We return to the work of the late Paul Rafford Jr., the last survivor of the original members of Bill Prymak’s Amelia Earhart Society of Researchers, who passed away on Dec. 10, 2016 at 97. (Boldface emphasis mine throughout.)
Readers of this blog are familiar with Rafford’s fascinating work. His public introduction came in Vincent V. Loomis’ 1985 book, Amelia Earhart: The Final Story, in which he discussed his current ideas about the Electra’s radio capabilities and Amelia’s bizarre actions during the final flight. Rafford’s 2006 book, Amelia Earhart’s Radio, wasn’t a commercial success, but presents invaluable information unavailable anywhere else.
I’ve written three lengthy pieces that brought new focus on his important contributions to the modern search for Amelia Earhart: “The Case for the Earhart Miami Plane Change”: Another unique Rafford gift to Earhart saga; “Rafford’s ‘Earhart Deception’ presents intriguing possibilities”; and “Rafford’s ‘Enigma’ brings true mystery into focus: What was Earhart really doing in final hours?”
Prymak’s interview of Rafford about his “Howland Island Fly-By” theory appeared in the March 1992 issue of the AES Newsletters, and was presented in two parts, Phase I and Phase II. Following is Phase I, presented nearly exactly as it appeared in the original, with photos added by this editor. Prymak is designated as “AES” throughout, Rafford’s answers are designated simply as “A.”
Phase I of the question-and-answer interview was preceded by the following biographical information.
Paul Rafford Jr.: THE MAN
In 1940, Paul Rafford Jr. joined Pan Am as a Flight Radio Officer on the flying boat Clippers. As a result, he is well acquainted with the radio equipment and operating procedures of the Earhart era. After joining the company he met Pan Am people and others who either knew Earhart and Noonan or had a part in their flight preparations.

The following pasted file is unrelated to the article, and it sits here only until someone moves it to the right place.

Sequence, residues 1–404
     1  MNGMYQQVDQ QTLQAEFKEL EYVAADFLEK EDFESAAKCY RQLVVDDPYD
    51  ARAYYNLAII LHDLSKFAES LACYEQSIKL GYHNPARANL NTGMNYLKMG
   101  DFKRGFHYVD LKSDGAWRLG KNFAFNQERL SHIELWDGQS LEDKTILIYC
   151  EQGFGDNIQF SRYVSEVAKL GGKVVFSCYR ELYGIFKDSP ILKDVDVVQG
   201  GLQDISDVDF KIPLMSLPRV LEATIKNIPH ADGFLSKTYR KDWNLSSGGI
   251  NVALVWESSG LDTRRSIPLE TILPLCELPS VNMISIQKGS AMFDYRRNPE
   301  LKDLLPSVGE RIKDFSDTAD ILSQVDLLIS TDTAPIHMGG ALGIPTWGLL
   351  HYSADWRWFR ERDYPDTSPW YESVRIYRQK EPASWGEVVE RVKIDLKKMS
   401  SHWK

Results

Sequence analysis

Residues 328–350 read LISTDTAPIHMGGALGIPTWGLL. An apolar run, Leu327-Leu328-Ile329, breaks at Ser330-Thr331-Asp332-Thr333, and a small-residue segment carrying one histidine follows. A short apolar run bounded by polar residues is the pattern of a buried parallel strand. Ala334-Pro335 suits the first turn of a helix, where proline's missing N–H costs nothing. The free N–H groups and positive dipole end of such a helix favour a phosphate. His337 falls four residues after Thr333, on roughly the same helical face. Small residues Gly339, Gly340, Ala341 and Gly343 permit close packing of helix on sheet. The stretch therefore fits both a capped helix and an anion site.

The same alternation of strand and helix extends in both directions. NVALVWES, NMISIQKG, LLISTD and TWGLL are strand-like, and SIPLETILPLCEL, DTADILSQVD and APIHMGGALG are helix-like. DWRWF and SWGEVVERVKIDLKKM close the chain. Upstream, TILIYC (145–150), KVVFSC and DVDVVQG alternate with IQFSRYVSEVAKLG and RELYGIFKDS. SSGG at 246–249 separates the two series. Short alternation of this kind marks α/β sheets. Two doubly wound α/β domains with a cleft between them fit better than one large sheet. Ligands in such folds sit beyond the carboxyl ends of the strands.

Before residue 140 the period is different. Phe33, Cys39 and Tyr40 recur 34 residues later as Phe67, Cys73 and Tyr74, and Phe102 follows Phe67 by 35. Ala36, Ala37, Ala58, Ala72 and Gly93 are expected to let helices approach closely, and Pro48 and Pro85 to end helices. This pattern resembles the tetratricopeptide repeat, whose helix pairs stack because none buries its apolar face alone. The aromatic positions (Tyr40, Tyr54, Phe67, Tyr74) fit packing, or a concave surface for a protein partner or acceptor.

In the 1960’s and 70’s, under Pan Am’s contract with the Air Force, he worked as a Communications Manager on the Astronaut Recovery Team. His specialty was the analysis and forecasting of radio communication with the ships and planes supporting the astronaut landings.
It was while at his console in Mission Control that he became impressed with the parallels between the Navy’s astronaut search and recovery operations in the mid-Pacific and its vast search for Amelia Earhart in the same area thirty years before. As a result, he decided to apply space-age, computer aided investigative techniques to the problem of tracking down Earhart’s whereabouts when last heard from.
In the following question and answer session he presents his theory that Earhart may never have come anywhere near Howland Island. Instead, what the Itasca’s crew really heard were recordings of her voice made weeks beforehand, transmitted by a Navy plane to simulate her supposed efforts to find it.
“THE AMELIA EARHART
The theory presented herein represents
a major digression from the commonly
held belief that Earhart was in the vicinity
of Howland Island when her voice
was last heard on the air.
It proposes that the radio calls intercepted
by the Itasca were actually recorded
by Earhart before she left the
United States, to be played back at the
appropriate time later on by another
Paul Rafford Jr.
December 7, 1991
“PHASE I — THE HOWLAND ISLAND FLY-BY”
AES – So, you now suggest that Earhart never flew anywhere near Howland Island and you doubt that she ever intended to land there?
A – Yes, and I quote my friend Bill Galten, radio operator aboard the Itasca standing off shore, “That woman never intended to land on Howland.”
AES- But, don’t the Itasca’s logs contradict this?
A – No. If you study the logs carefully you will note that Earhart never called the Itasca directly or replied to any of its many calls. Her method of operating as observed by the ship was to suddenly come on the air for seven or eight seconds with a brief message. Then, she would be silent for anywhere up to a half hour or more before breaking in with another message.
The Itasca’s report states that two-way contact was never established. All of the transmissions received by the ship could have been recorded weeks beforehand for playback by another plane. It could just as well have been a PBY flying out of Canton Island.
AES – How were the recordings played back to make them sound authentic?
A – By following a carefully planned script. On my chart, THE SIMULATED HOWLAND ISLAND FLY-BY, I show the flight track I propose the PBY would have followed. At 1415, 1515 and 1623 GMT, the plane could have transmitted the first three recordings while sitting on the lagoon at Canton. They would simulate Earhart approaching Howland before sunrise. Then, at dawn the PBY could have taken off and headed toward Howland, transmitting the remainder of the recordings as directed by the script.
AES – But, the year was 1937 and PBYs didn’t carry radiotelephone?